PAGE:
“They understand that online learning isn’t translating three hours of instructional time in the classroom to Zoom,” Epstein says. “We felt like they had a lot of expertise to offer us.”
2U’s structure allows faculty to create a “guided path” for students through a mix of asynchronous video content, interactive assignments, and synchronous discussions, says CEO Chip Paucek. The company provides every professor with a video production toolkit called Studio in a Box, which includes a webcam, microphone, backdrop and stand to help professors record high-quality videos. It also offers 24/7 tech support for instructors and students, and it runs its own series of workshops training faculty to teach on its platform.
Psychology professor Catherine Sanderson says she has completely redesigned her fall course with personalized feedback from 2U. The company sent her nine pages of recommendations for adapting her introduction to social psychology class to an online format based on the syllabus. In the past, Sanderson’s class was largely lecture-based, and two exams determined 50% of students’ grades. Based on 2U’s analysis and advice from its workshops, she will divide her lectures into 6-to-10-minute video modules, add small-group work and replace large assessments with low-stakes quizzes, strategies designed to reduce pressure and increase student engagement.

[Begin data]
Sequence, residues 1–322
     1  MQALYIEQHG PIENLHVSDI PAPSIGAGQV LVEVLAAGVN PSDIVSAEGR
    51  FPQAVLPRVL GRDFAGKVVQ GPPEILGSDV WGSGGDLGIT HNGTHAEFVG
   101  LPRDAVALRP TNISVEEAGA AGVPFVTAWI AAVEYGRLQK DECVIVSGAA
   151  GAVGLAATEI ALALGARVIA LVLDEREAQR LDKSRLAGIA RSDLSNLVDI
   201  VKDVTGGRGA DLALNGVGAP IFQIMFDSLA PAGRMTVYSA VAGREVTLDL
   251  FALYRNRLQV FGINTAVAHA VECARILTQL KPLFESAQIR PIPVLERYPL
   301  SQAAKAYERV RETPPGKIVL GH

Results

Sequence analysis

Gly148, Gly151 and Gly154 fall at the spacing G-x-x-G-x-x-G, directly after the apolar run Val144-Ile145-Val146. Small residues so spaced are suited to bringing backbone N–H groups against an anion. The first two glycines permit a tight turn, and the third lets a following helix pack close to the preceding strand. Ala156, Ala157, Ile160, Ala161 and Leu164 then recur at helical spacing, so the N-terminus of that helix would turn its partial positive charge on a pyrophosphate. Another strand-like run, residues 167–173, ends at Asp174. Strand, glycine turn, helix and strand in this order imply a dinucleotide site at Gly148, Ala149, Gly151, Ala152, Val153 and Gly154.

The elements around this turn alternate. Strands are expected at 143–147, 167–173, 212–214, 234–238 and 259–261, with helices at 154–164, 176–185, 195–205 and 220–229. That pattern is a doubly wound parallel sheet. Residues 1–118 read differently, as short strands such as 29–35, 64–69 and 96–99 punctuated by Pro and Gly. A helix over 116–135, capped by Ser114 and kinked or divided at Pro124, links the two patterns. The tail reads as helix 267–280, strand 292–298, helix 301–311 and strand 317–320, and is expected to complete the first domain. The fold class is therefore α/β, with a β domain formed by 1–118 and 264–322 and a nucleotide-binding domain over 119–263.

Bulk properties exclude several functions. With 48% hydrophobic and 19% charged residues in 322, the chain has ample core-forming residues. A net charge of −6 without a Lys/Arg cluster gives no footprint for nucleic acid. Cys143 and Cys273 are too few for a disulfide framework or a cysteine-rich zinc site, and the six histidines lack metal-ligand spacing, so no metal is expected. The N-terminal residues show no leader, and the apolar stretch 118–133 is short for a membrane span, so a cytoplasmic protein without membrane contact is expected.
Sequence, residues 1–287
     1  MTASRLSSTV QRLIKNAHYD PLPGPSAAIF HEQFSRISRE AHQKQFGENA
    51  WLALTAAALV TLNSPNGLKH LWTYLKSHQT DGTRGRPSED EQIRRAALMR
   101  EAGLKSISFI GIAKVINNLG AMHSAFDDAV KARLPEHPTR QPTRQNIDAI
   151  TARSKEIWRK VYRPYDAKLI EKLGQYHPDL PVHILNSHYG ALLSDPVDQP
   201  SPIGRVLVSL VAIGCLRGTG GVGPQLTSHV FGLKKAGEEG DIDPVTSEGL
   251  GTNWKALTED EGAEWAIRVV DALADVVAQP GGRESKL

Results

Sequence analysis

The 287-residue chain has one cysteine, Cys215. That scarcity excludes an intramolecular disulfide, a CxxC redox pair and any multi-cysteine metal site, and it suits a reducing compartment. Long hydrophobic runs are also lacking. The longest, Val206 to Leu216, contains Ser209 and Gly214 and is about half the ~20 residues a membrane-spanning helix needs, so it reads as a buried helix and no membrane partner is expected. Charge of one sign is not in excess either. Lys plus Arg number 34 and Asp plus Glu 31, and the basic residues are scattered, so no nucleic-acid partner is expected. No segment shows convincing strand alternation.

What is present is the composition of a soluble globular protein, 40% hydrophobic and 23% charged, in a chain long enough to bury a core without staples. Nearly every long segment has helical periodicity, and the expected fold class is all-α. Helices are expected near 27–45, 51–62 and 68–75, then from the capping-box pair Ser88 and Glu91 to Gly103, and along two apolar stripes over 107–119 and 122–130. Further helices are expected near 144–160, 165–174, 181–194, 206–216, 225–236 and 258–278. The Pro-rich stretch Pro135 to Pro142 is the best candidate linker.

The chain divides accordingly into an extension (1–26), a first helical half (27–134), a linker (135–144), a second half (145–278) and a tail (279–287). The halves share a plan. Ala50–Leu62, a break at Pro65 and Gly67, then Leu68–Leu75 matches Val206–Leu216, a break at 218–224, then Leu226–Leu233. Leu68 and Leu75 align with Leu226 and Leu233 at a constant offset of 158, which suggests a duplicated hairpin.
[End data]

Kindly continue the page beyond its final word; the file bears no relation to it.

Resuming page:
Sanderson was initially intimidated by the switch to remote teaching, but she says she feels more confident going into the fall. “I’m going to actually have a class that is very different but in some ways more effective, and I think one of the things that’s been exciting is that [2U] is really forcing all of us to rethink our teaching,” she says.
California State University
California State University’s pre-pandemic network of online programs gave it a leg up in the transition to remote learning. The university system had more than 4,000 online course sections in fall 2019 among its 23 campuses. “What that means is that we have faculty with experience teaching online, who could quickly be tapped to become mentors for their peers,” says Emily Magruder, director of the Institute for Teaching and Learning, CSU’s faculty development center. CSU was also one of the first universities in the country to announce that it would have primarily remote instruction in the fall, which has given faculty time to adapt their courses without worrying about the logistics of teaching in person.
Thousands of faculty are taking university-wide professional development workshops, and many individual campuses also require instructors to take their own modules on remote teaching. On top of technical workshops focused on creating online quizzes and using Zoom, the training also spotlights issues of equity and access. A major challenge last semester, says Magruder, was that many students lacked laptops, access to the internet and an environment suitable for studying. CSU sent out laptops and tablets to students in the spring, but instructors are now incorporating inclusivity into their course structure.